The wanting physical state that defines informal settlements across the country certainly catches the eye. These settlements are more often than not characterised by up hazard morphology, poor sanitation, poor waste management and inadequate housing among others. This is usually a contrast to other urban spaces where there is relative planning and service provision. This situation is attributed to extreme poverty among the residents of such settlements.
But unknown to many, the sorry state of these settlements — whether Kahawa Soweto in Nairobi, Kasarani in Nakuru, Nyalenda in Kisumu, Ihwagi in Nyeri or Misufini in Mombasa —largely has to do with land ownership issues. Some of these informal settlements sit on land with contested tenure rights between the legal title holders or on public land and the informal settlement dwellers commonly referred to as squatters. Thus, there are settlements found on public land and others found on private land owned by individuals who usually are not physically occupying the land.
Unsure about the tenure of the land they occupy, many opt to limit investment in decent housing and accommodation, haunted by the risk of evictions and demolitions like have happened before in informal settlements across the country.
Some of these settlements are expansive and highly populated making them a hotspot for politically-motivated displacements due to their potential to provide numbers for elective positions. Additionally, most of these informal settlements fall within high value neighbourhoods — such as Mji wa Huruma in Runda Nairobi. This makes them susceptible to land grabbing, especially by investors thirsting for the high real estate returns.
Gladly, a lot of effort has gone towards regularisation of land tenure in many informal settlements. For example, residents of Nyalenda in Kisumu County now have secure tenure through state led initiatives such as the Kenya Informal Settlements Improvement Project (KISIP). With secure tenure provided through KISIP, the uncertainty has been reduced with residents feeling more comfortable in making investments in their homes. Many are now putting up more decent homes with permanent buildings replacing tin shacks, buoyed by the assurance of tenure rights. And the benefits of the new found certainty of land ownership doesn’t end there; some residents have reported using their new titles as collateral to access bank loans.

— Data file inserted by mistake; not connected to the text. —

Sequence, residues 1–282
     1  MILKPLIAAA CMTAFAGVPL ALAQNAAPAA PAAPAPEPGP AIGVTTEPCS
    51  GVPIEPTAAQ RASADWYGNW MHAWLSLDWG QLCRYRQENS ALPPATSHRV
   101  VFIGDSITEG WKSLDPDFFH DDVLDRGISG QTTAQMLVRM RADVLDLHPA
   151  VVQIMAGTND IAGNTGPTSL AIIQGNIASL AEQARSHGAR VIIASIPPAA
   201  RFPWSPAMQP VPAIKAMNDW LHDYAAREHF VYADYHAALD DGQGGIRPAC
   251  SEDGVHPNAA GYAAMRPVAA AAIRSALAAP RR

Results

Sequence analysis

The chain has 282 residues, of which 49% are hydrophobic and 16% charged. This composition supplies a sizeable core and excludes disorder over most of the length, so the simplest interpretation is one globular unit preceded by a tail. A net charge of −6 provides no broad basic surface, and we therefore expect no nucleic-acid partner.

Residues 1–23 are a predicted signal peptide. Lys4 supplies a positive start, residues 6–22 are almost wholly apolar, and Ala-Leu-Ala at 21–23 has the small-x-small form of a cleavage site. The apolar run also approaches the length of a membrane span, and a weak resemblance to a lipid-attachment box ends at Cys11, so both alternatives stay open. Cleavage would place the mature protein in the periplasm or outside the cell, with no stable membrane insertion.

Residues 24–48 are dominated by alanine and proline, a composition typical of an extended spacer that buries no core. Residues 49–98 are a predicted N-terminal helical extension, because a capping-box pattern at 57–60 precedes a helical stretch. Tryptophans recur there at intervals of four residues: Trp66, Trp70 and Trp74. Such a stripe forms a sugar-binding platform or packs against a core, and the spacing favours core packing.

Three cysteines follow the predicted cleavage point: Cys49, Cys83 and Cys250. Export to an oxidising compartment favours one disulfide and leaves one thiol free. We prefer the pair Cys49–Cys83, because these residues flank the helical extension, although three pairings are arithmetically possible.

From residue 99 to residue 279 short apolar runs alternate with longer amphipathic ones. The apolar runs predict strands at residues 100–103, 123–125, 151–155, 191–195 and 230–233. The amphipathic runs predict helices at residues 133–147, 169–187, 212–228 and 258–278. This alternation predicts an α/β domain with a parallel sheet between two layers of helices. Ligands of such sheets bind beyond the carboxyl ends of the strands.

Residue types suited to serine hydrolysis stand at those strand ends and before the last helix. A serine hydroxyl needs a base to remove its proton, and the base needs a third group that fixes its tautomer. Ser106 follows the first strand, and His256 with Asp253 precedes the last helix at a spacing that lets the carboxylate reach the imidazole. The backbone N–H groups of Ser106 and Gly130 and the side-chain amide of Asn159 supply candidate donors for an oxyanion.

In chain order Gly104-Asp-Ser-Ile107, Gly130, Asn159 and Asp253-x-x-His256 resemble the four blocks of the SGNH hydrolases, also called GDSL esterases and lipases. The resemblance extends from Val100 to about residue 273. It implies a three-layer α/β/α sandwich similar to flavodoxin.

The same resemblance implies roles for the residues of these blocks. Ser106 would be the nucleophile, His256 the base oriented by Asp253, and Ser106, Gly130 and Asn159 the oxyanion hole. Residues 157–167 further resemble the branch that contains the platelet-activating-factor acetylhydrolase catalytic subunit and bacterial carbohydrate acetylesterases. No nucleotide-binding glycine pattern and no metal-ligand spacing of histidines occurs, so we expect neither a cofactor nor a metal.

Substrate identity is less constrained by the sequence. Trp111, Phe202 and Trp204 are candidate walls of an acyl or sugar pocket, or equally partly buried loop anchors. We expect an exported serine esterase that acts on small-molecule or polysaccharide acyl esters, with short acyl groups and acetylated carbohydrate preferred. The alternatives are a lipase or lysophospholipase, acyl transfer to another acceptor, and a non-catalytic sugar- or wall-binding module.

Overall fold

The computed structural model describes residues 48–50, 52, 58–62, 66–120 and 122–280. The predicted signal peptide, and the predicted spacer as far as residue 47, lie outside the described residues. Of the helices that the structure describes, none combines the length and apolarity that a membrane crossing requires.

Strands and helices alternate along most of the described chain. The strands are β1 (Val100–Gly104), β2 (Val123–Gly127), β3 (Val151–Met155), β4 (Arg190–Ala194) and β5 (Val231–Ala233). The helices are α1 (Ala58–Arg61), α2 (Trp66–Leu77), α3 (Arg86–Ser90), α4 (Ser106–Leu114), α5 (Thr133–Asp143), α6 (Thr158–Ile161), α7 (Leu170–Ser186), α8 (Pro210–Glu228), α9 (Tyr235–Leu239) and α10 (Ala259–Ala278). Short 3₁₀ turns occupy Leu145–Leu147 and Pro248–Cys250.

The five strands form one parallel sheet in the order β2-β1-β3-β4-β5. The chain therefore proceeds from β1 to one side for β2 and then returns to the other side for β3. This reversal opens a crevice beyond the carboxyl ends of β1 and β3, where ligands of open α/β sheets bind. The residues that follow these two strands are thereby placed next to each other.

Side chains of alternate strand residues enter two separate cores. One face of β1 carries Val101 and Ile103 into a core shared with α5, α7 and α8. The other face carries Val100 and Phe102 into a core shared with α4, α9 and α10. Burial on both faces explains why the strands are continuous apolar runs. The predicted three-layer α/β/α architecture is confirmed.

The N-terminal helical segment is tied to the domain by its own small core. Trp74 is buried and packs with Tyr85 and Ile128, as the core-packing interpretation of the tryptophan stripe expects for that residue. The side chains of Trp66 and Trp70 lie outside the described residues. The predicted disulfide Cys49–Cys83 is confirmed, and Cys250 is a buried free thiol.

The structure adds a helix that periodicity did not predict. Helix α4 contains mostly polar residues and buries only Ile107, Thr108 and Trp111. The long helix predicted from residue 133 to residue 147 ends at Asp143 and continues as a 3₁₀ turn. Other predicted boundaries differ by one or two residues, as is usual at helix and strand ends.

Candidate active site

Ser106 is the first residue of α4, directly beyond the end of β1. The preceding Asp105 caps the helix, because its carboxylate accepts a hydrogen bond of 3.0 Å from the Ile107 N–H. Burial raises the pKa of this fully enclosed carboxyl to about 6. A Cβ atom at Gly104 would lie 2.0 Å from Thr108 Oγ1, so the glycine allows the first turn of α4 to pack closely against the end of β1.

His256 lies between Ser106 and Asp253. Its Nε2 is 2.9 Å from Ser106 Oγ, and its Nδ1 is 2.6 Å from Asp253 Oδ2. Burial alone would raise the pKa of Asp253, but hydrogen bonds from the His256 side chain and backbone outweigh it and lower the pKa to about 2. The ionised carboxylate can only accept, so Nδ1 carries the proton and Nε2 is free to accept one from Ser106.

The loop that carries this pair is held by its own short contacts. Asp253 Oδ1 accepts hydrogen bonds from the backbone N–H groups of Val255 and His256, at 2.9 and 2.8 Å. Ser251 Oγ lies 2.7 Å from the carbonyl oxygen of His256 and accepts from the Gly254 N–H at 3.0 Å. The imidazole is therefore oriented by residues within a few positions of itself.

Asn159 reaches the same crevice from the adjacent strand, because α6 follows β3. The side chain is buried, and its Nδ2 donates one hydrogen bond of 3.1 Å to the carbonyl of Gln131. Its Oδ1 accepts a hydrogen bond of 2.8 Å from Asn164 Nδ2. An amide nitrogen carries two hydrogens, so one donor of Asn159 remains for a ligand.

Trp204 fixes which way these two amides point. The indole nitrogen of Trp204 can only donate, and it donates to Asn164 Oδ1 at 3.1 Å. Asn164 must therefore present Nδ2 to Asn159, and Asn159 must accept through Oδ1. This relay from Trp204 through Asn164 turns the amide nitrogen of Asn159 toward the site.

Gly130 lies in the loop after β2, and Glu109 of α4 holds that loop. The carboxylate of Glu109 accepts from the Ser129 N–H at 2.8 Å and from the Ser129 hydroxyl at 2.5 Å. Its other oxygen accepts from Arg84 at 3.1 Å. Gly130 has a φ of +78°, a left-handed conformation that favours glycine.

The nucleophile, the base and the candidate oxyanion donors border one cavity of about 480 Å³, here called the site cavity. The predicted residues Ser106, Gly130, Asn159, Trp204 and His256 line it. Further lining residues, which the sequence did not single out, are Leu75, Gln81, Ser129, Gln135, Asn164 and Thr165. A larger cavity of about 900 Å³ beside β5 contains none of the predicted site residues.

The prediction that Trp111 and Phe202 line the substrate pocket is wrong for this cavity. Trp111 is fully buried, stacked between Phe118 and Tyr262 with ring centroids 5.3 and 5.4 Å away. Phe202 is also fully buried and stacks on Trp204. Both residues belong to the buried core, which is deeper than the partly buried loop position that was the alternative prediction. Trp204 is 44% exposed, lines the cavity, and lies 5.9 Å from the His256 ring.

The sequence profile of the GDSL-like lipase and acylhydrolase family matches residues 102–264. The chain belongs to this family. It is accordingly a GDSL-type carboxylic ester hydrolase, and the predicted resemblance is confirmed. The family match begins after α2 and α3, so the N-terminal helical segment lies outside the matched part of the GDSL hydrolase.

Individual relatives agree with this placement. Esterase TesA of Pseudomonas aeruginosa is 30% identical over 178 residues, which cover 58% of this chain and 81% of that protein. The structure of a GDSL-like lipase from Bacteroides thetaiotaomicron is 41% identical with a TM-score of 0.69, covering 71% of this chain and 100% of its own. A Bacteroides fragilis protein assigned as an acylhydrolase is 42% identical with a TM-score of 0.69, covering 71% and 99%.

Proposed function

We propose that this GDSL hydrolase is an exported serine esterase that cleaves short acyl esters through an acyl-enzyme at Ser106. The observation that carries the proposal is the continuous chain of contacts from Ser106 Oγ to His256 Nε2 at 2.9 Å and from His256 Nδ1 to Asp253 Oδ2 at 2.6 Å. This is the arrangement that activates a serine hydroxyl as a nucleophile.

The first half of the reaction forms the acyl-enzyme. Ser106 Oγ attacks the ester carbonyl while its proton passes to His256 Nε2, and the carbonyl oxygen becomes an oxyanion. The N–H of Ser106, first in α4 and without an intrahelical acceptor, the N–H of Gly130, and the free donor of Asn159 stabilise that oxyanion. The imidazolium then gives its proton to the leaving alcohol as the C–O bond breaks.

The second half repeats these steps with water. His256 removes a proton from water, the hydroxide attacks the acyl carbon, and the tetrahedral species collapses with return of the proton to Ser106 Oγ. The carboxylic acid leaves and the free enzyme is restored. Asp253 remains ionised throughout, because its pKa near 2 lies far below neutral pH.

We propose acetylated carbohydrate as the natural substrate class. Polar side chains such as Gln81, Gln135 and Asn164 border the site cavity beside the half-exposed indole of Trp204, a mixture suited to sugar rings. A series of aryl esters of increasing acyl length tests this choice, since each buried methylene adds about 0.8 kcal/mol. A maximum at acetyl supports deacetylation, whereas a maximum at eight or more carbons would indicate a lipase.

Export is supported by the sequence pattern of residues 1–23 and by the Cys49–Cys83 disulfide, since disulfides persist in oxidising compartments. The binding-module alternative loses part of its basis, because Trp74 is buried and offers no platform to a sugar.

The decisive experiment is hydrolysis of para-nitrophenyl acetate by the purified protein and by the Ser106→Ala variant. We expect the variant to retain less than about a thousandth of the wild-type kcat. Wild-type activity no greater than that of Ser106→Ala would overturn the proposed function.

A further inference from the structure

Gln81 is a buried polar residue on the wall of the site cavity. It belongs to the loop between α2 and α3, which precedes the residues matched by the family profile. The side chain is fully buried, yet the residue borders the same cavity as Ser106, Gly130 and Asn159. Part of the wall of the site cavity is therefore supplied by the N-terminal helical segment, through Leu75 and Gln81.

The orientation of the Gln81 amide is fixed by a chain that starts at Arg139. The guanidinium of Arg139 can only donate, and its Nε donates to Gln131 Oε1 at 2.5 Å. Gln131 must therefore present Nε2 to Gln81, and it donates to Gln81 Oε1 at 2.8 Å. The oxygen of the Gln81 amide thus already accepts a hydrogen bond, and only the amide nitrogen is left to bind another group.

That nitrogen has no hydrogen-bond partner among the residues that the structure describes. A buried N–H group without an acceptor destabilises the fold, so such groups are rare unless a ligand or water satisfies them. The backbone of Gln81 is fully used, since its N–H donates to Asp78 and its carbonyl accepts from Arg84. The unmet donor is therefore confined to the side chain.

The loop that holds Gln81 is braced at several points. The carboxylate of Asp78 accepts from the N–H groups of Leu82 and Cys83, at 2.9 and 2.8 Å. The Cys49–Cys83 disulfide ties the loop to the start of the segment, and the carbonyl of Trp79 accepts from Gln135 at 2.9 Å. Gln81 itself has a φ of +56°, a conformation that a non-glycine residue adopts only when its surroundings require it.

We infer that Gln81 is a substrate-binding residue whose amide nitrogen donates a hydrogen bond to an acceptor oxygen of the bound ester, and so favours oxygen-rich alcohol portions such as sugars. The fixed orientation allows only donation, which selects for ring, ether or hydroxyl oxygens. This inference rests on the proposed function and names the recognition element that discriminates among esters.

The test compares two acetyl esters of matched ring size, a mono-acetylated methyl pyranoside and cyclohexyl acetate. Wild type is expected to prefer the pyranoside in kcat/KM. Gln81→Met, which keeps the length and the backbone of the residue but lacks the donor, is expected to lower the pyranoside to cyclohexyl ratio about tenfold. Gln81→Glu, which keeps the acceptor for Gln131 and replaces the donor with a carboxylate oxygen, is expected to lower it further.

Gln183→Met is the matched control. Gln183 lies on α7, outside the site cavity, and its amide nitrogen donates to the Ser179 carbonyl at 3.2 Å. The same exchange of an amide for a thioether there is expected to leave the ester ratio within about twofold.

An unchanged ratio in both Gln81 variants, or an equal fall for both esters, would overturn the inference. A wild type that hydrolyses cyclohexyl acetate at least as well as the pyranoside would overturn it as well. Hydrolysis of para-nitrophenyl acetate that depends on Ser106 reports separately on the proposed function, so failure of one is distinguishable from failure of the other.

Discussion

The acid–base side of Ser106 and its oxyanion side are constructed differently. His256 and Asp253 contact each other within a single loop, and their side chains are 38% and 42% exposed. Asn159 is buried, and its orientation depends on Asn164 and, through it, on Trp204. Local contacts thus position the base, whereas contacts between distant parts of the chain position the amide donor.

Tenure regularisation under KISIP is done with full participation of those living in the targeted informal settlements. This goes a long way in building trust besides yielding an orderly tenure process as the community is involved in the identification, physical planning, cadastral surveying documentation of structure owners and registration of land rights. Residents of the settlements have reported being satisfied with the participatory planning process undertaken in developing local physical and land use development plans which form the basis for survey and registration of individual or group rights to land.
But even with the improvements, there are still matters of concern that need to be addressed to support residents of informal settlements. Unforeseen delays in the title regularisation process has resulted in growing anxiety going by the history of poor land administration in Kenya. Also, there have been cases of inadequate communication between tenure regularisation teams and communities on for instance the process and status of the exercise which has sometimes stoked apprehension. Upon successful securing of tenure, a major challenge mainly faced by the beneficiaries is gentrification due to sale of land to more financially capable Kenyans for redevelopment.
Nonetheless, these challenges should not dampen the spirit of actors given that tenure regularisation is a complex process yet a delicate balancing act that involves making decisions that will impact livelihoods. An effective way of handling apprehension in the tenure regularisation process in informal settlements would be adoption of clear-cut guidelines on the whole process, a system that is bearing fruit for KISIP.
Additionally, tenure regularisation should be followed very closely with upgrading of physical infrastructure to ensure a safe and secure living environment for the beneficiaries. Consequent improvement in the provision of basic services especially circulation routes, water, electricity and security ought to also be accompanied by livelihood enhancement programmes. This will ensure a holistic settlement upgrading process which is sustainable.
The writer is Head, Tenure Regularization at KISIP